INDEPENDENCE, OR (KPTV) – Major flooding last week closed main roads and hit several farms in the Willamette Valley.
Mark McKay Farms Inc. in Independence grows 750 acres of crops south of Salem, and 550 of those are hops.
Last week, many of those crops were in several feet of water.
“There's nothing we can do about it, you know, I can't control Mother Nature,” said farmer Michael McKay.
On Tuesday, as the water continued to recede, there were still many areas of the farm in several inches of water.
McKay took FOX 12 on a tour of the devastation.
“The water was coming over the driveway at one point. Here you can see where the water and everything else was kind of ripping through there,” McKay said as he drove through the farm.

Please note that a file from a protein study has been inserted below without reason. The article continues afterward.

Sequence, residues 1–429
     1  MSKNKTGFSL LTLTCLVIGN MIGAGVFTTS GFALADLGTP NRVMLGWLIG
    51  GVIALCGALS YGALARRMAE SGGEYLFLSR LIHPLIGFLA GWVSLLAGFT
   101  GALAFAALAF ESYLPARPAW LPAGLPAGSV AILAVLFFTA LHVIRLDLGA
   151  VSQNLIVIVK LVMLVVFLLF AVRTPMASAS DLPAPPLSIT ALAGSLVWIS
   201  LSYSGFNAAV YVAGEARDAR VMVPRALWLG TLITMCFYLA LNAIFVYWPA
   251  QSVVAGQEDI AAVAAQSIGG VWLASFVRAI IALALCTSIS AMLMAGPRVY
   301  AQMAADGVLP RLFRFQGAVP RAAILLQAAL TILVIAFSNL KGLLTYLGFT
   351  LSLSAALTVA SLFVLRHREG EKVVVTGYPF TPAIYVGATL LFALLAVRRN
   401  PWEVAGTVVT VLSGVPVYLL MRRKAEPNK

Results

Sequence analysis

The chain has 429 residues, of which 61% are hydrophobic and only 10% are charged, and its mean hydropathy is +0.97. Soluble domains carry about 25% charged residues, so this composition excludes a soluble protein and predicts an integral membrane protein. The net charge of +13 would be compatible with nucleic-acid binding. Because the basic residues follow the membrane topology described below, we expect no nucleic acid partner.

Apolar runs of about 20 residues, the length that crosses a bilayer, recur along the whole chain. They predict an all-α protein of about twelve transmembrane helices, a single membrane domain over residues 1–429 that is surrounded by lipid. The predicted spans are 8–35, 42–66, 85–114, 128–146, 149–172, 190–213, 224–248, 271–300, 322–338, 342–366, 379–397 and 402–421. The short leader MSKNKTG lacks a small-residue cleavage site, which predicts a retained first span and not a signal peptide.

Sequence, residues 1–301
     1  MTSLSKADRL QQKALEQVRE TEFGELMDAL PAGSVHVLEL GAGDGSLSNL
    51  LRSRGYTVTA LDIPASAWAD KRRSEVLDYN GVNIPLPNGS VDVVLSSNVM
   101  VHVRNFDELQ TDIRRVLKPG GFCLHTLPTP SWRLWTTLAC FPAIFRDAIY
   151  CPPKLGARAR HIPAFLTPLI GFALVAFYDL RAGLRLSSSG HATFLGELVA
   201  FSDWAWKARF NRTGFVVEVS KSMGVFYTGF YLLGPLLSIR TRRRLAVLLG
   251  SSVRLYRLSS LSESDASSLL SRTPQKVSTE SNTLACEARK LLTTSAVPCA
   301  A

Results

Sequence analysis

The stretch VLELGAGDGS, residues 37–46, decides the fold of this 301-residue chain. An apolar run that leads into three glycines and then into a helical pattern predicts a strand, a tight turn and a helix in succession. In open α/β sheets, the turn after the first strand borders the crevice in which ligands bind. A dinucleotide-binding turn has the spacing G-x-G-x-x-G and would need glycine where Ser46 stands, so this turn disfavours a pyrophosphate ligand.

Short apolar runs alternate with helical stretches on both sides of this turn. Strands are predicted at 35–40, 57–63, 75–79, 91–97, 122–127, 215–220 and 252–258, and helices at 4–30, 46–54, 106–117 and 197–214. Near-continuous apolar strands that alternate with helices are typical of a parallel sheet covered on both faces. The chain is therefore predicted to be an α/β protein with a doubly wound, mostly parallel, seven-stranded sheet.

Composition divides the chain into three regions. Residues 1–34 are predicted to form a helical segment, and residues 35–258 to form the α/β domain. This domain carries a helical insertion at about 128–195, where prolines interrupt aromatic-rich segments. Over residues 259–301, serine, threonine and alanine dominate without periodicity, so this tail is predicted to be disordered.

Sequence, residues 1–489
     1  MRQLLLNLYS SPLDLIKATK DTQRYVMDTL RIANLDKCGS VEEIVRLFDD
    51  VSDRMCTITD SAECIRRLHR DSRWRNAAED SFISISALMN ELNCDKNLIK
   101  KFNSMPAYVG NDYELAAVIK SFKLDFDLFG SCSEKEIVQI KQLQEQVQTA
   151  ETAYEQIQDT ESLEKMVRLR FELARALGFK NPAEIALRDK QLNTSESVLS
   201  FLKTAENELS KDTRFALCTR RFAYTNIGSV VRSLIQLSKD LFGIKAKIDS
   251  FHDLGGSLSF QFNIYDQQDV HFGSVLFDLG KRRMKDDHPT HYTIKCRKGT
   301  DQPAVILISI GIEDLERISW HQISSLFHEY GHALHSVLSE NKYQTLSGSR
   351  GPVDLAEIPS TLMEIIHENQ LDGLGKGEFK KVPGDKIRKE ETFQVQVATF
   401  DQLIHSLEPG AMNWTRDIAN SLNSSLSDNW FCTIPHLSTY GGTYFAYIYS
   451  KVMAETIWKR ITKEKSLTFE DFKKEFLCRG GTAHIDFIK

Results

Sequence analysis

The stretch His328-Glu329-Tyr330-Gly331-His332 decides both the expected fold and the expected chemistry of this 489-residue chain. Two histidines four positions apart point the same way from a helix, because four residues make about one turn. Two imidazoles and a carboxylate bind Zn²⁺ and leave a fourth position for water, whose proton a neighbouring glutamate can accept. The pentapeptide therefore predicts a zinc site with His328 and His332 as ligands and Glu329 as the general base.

McKay, who is a seventh generation farmer, says they expect flooding in the winter time through February.
He says that isn’t harmful to the crops, but this kind of flooding never happens in April and it could cause mold and disease in the hops when they should be preparing the hops to fully grow before harvest in the summer.
“We'd be tying at the top of the wire then run them to the ground, poking them in so then in a week or so after they're strung we can come back through with another crew, train all the hops so they can follow the wire up,” McKay said.
So the question is how will this impact harvest?
“We don't know, you know. Once the water goes back down we'll be able to tell,” McKay said.
He says it’s unclear what kind of financial impact this might have on the hops.
“Estimated, we don't know yet. It could be in the millions if crop does fail, but we'd like everything to pull through and go on with our year like usual,” McKay said.
The farm is hoping to assess the damage within the next few weeks before it can move forward in the next steps for the season.
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